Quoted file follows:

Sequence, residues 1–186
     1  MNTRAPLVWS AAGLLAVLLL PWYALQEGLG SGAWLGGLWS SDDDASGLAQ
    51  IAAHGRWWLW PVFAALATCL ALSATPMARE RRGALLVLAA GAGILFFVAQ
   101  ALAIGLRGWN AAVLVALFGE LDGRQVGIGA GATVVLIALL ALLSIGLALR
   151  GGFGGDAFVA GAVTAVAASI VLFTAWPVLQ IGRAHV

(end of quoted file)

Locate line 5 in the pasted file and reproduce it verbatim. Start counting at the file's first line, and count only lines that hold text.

   151  GGFGGDAFVA GAVTAVAASI VLFTAWPVLQ IGRAHV